“We don’t heal in isolation, but in community.” S. Kelley Harrell, Gift of the Dreamtime – Reader’s Companion
In the Thursday Betwixt series, we’ve talked about the various guides that can be gleaned along our path–both spirit beings and mundane–and the significance of each. We’ve somewhat talked around why community is important, though I’d like to take that deeper.
Whether undertaking to learn journeying, to fit for the role of shaman, or experience soul healing through any range of modalities, the number one contributing factor to pitfalls along that path that I see time and again is lack of community. I work with people for whom a class in journeying has cracked them down the middle without proper understanding of how to carry that changed perspective into regular life. I mentor people who want to serve as shamans, though function as the only animistic person in their familiar. I have sessions with clients who leave elated, only to crash a few days or weeks later.
Each of these examples presents some form of initiatory crisis. After experiencing some sense of awe, distress became greater. I could cite multiple reasons that the ecstasy ebbed. Could be lack of engaging personal spiritual discipline on a daily basis, or maybe poor or lacking mindfulness skills. Perhaps healing wasn’t brought to its fullest potential, or deeper needs for healing were hidden. Fear may be dominant. There may be a lack of tools for how to deepen and ground spiritual emergence. I see each of these omissions often; however, the one downfall I see in almost every case of distress after ecstasy is a lack of community. People, in general, don’t reach out for support.
Often clients don’t want to feel pressured to schedule a followup session, which is understandable. Students don’t want to circle the same material. However, leaving the burden of communicating their spiritual needs on them doesn’t work, particularly if they can’t recognize it for what it is. They are so high at the time of the initial shift, they don’t see the point of having to return, to revisit hallowed ground. Yet without a workable plan in place to support and sustain their initiation, they start to feel distress. They don’t set a followup because they feel the first shift must not have really worked, because they are ashamed that they couldn’t hold onto their healing, or they become afraid of how their mundane needs to change to support their soul. Often guilt is a motivating factor in a client not returning to his/her teacher or practitioner.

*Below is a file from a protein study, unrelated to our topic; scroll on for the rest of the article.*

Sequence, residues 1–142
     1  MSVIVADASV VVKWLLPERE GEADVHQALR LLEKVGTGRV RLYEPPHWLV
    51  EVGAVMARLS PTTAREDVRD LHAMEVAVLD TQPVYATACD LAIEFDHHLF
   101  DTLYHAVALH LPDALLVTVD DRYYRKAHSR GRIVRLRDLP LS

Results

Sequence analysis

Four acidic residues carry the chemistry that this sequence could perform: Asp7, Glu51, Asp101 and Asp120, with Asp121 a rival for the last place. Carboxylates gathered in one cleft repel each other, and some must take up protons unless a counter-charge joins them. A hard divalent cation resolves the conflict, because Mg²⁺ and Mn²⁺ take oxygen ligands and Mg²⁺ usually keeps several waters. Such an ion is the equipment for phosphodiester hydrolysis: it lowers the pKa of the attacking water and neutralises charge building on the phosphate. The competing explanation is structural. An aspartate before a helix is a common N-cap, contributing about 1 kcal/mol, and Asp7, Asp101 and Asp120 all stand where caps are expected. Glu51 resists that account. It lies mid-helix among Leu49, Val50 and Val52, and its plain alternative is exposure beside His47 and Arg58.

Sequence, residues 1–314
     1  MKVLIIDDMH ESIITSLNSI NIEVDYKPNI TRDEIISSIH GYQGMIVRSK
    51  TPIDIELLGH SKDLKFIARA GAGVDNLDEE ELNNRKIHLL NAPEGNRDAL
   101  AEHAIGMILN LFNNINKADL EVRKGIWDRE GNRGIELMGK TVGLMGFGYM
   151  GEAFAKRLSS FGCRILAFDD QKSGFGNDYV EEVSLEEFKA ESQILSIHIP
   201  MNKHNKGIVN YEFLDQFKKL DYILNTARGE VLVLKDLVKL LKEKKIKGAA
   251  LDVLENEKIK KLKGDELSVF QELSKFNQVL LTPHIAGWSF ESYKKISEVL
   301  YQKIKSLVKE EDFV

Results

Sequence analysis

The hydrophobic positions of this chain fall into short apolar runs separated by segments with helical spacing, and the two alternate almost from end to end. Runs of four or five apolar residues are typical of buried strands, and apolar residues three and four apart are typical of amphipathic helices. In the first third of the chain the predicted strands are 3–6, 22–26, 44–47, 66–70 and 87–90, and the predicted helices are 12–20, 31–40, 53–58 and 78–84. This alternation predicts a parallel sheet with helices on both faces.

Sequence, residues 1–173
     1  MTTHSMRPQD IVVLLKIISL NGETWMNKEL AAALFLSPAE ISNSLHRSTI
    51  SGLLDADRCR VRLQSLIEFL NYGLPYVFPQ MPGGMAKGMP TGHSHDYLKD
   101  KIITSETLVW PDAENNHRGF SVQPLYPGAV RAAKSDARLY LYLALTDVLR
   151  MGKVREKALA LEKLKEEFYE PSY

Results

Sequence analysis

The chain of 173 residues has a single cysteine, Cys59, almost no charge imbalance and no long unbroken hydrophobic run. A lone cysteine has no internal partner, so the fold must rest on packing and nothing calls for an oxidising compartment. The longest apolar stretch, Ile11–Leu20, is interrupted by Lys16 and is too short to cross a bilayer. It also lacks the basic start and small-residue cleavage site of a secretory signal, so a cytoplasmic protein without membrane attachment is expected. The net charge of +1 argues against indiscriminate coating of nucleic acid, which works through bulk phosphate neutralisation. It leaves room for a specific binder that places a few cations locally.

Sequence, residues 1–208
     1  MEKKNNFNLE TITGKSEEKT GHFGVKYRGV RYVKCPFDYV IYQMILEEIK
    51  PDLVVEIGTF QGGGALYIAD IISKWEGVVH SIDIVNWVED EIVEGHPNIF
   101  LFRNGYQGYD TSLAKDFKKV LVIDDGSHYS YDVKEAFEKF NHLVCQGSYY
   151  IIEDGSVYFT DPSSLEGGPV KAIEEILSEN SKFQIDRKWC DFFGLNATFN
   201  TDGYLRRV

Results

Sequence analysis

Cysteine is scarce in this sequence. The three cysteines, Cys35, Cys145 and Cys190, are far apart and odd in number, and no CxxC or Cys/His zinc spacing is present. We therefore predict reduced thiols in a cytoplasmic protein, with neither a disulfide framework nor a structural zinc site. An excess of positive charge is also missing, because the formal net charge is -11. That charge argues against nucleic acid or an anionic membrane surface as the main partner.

On a more practical level, many people are socially or geographically isolated from others who share their spiritual path. They don’t have people near them to connect with, or they’re afraid to out themselves as a follower of a divergent belief system, or as someone uses alternative healing methods. Likewise, people fear not being able to afford community, whether that’s an inability to pay for followup sessions/classes , give donations toward a drumming circle, or shoulder the responsibility of the interpersonal exchange that community requires.
What is community? What purpose does it serve? How does it influence healing? The teacher or practitioner is part of the community and should be openly appealed to as such. Any spiritual leader who offers classes or sessions in soul healing should be available for what comes after. That said, this single role doesn’t form the whole of a community. It informs the drive to actively participate in one. The group that supports us needs to be people with whom we can speak openly, to whom we can listen steadfastly, and with whom we feel a close sense of belonging.
What is sometimes called the shamanic narrative, or healing story, is the tradition of healing through community. The idea that through sharing our story, we recognize commonalities, inspire, and evoke healing, creates the basis from which others gain the power to identify, share, and heal through their own stories. In this way a single story heals a village.
That’s the spiritual and neurological magick. The grounded function of community stems from something far more basic: the needs to be heard and to listen. Sometimes all we need is a witness. Other times we need input, tools, another modality, accountability, structure, empathy. We don’t find these resources alone. Certainly, we may consult spirit guides and totems, though most people who are experiencing distress at a personal level also have problems making functional use of altered states. If we can’t talk about our experiences, our experiences can’t mature into a workable lifestyle that sustains healing and the completion of the initiation.
Consider what groups you participate in. Do they support your truth? Do they even know your truth? Do you avoid groups? How might community affect your healing? How might sharing your healing story affect someone else?